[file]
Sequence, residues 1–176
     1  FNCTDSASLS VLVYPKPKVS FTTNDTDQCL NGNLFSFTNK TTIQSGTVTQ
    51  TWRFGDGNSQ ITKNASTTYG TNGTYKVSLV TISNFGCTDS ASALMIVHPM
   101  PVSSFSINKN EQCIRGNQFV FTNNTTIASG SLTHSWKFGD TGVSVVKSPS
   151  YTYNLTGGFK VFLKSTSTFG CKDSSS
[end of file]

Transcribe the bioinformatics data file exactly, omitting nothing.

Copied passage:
Sequence, residues 1–176
     1  FNCTDSASLS VLVYPKPKVS FTTNDTDQCL NGNLFSFTNK TTIQSGTVTQ
    51  TWRFGDGNSQ ITKNASTTYG TNGTYKVSLV TISNFGCTDS ASALMIVHPM
   101  PVSSFSINKN EQCIRGNQFV FTNNTTIASG SLTHSWKFGD TGVSVVKSPS
   151  YTYNLTGGFK VFLKSTSTFG CKDSSS